Project description:?-3 Polyunsaturated fatty acids contained in fish oils (FO) possess major anti-inflammatory, antioxidant, and immunologic properties that could be beneficial during critical illness. We hypothesized that parenteral FO-containing emulsions may improve clinical outcomes in the critically ill.We searched computerized databases from 1980-2012. We included randomized controlled trials (RCTs) conducted in critically ill adult patients that evaluated FO-containing emulsions, either in the context of parenteral nutrition (PN) or enteral nutrition (EN).A total of 6 RCTs (n = 390 patients) were included; the mean methodological score of all trials was 10 (range, 6-13). When the results of these studies were aggregated, FO-containing emulsions were associated with a trend toward a reduction in mortality (risk ratio [RR], 0.71; 95% confidence interval [CI], 0.49-1.04; P = .08; heterogeneity I (2) = 0%) and a reduction in the duration of mechanical ventilation (weighted mean difference in days [WMD], -1.41; 95% CI, -3.43 to 0.61; P = .17). However, this strategy had no effect on infections (RR, 0.76; 95% CI, 0.42-1.36; P = .35) and intensive care unit length of stay (WMD, -0.46; 95% CI, -4.87 to 3.95; P = .84, heterogeneity I (2) = 75%).FO-containing lipid emulsions may be able to decrease mortality and ventilation days in the critically ill. However, because of the paucity of clinical data, there is inadequate evidence to recommend the routine use of parenteral FO. Large, rigorously designed RCTs are required to elucidate the efficacy of parenteral FO in the critically ill.
Project description:Though lubricant emulsions have been widely used in many industrial processes, various human health hazards have been reported. Conducting a systematic toxicity study on emulsions is difficult since emulsions contain multiple chemical compounds, and hydrophobic compounds form complex emulsion particles via surfactants. For a quantitative toxicity study, we developed a high-throughput imaging system using zebrafish and conducted a large scale in vivo toxicity assay of lubricant emulsion and their common ingredients. By computing the locomotion activity of zebrafish from captured time-lapse images, we could quantify the degree of relative toxicity of 29 chemicals. The changes in the locomotion activity over time were observed to vary significantly depending on emulsions, indicating that the degree of toxicity of the commercial products was very diverse. We found that primary ethanolamines were more toxic than secondary or tertiary ethanolamines, and several factors, such as alkyl chain length, EO mole, test concentration, and emulsion particle size, affected toxicity.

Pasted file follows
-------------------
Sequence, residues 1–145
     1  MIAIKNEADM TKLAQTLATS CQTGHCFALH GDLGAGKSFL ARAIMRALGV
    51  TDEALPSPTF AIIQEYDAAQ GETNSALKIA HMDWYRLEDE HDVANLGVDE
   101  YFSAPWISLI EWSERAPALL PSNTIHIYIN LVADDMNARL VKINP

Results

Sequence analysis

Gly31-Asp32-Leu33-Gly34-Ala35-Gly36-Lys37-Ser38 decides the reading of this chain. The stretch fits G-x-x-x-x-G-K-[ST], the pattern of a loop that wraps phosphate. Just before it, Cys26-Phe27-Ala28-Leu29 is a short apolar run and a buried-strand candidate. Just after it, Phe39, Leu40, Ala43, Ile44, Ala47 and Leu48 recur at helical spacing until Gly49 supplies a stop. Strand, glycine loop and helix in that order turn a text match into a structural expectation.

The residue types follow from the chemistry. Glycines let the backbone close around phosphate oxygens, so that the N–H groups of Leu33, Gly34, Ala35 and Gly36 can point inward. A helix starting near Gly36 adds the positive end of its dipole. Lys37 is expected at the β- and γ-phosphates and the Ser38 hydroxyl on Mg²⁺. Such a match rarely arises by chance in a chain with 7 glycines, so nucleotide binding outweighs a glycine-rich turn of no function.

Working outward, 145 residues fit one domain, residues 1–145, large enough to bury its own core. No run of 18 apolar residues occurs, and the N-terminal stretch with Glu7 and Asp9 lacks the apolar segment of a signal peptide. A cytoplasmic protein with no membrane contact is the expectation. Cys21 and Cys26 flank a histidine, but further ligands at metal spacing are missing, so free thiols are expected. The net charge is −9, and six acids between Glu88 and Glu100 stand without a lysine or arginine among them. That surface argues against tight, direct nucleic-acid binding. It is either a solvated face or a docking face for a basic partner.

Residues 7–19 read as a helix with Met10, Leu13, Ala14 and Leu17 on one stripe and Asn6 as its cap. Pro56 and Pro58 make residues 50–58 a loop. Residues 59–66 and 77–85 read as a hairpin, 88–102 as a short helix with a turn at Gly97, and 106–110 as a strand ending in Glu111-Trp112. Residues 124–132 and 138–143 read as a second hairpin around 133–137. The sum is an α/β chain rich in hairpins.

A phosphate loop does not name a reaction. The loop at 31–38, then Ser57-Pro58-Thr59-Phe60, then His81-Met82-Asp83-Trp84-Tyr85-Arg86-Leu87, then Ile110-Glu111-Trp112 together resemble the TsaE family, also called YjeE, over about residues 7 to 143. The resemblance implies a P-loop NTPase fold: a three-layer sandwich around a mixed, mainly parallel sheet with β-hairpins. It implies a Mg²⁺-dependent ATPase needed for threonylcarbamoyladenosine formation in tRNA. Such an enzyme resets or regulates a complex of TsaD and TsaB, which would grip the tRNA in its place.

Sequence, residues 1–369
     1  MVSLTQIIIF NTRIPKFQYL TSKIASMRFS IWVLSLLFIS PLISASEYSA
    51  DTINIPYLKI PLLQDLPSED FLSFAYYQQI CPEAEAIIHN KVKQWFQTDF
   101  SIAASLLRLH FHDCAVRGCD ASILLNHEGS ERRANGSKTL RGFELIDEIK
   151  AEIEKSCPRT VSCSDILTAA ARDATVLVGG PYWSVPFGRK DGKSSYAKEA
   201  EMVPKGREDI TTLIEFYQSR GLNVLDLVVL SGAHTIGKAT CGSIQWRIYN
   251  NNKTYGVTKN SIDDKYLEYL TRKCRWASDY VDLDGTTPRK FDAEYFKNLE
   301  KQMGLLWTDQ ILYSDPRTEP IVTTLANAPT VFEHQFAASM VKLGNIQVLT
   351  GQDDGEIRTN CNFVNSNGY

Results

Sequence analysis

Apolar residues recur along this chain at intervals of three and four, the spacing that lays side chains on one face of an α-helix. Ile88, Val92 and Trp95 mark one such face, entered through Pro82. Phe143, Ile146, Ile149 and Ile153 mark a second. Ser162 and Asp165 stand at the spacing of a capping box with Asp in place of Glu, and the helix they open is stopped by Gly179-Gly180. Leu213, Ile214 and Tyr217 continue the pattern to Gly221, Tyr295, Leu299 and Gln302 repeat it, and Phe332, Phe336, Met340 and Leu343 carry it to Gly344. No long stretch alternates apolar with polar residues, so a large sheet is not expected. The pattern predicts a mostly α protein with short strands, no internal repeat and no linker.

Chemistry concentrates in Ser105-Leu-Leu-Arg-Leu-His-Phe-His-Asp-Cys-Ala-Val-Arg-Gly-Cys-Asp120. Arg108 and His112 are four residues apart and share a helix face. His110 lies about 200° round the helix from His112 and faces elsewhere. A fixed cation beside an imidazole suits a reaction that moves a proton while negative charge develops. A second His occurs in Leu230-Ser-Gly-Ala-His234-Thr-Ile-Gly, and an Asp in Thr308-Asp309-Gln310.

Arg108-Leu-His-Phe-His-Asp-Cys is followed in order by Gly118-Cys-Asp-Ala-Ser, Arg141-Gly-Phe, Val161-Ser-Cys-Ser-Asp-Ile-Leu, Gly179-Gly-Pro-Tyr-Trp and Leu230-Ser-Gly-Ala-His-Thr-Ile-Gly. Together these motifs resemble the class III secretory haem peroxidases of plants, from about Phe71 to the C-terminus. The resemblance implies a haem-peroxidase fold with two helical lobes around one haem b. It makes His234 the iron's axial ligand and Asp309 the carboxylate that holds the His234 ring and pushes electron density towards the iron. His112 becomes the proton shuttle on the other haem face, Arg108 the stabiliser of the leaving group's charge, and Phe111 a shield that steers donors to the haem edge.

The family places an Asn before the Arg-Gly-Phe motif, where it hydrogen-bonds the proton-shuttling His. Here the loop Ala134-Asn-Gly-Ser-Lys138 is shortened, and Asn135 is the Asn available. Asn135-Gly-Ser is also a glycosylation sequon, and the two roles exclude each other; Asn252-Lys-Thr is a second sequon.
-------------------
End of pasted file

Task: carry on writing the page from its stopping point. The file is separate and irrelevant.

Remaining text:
Project description:Total parenteral nutrition (TPN) is associated with the development of parenteral nutrition-associated liver disease (PNALD) in infants. Fish oil-based lipid emulsions can reverse PNALD, yet it is unknown if they can prevent PNALD. We studied preterm pigs administered TPN for 14 days with either 100% soybean oil (IL), 100% fish oil (OV), or a mixture of soybean oil, medium chain triglycerides (MCTs), olive oil, and fish oil (SL); a group was fed formula enterally (ENT). In TPN-fed pigs, serum direct bilirubin, gamma glutamyl transferase (GGT), and plasma bile acids increased after the 14 day treatment but were highest in IL pigs. All TPN pigs had suppressed hepatic expression of farnesoid X receptor (FXR), cholesterol 7-hydroxylase (CYP7A1), and plasma 7?-hydroxy-4-cholesten-3-one (C4) concentrations, yet hepatic CYP7A1 protein abundance was increased only in the IL versus ENT group. Organic solute transporter alpha (OST?) gene expression was the highest in the IL group and paralleled plasma bile acid levels. In cultured hepatocytes, bile acid-induced bile salt export pump (BSEP) expression was inhibited by phytosterol treatment. We show that TPN-fed pigs given soybean oil developed cholestasis and steatosis that was prevented with both OV and SL emulsions. Due to the presence of phytosterols in the SL emulsion, the differences in cholestasis and liver injury among lipid emulsion groups in vivo were weakly correlated with plasma and hepatic phytosterol content.